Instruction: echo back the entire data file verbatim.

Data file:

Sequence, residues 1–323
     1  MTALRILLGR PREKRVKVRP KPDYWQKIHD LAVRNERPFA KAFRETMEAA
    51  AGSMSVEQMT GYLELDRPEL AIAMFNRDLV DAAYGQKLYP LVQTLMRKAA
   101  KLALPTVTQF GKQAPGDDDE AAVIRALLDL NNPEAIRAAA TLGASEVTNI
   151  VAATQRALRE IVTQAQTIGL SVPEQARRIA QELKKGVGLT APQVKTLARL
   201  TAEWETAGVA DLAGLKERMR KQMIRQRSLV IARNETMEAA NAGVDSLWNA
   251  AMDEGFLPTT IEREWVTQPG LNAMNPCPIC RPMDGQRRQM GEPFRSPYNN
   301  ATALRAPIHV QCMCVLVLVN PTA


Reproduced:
Sequence, residues 1–323
     1  MTALRILLGR PREKRVKVRP KPDYWQKIHD LAVRNERPFA KAFRETMEAA
    51  AGSMSVEQMT GYLELDRPEL AIAMFNRDLV DAAYGQKLYP LVQTLMRKAA
   101  KLALPTVTQF GKQAPGDDDE AAVIRALLDL NNPEAIRAAA TLGASEVTNI
   151  VAATQRALRE IVTQAQTIGL SVPEQARRIA QELKKGVGLT APQVKTLARL
   201  TAEWETAGVA DLAGLKERMR KQMIRQRSLV IARNETMEAA NAGVDSLWNA
   251  AMDEGFLPTT IEREWVTQPG LNAMNPCPIC RPMDGQRRQM GEPFRSPYNN
   301  ATALRAPIHV QCMCVLVLVN PTA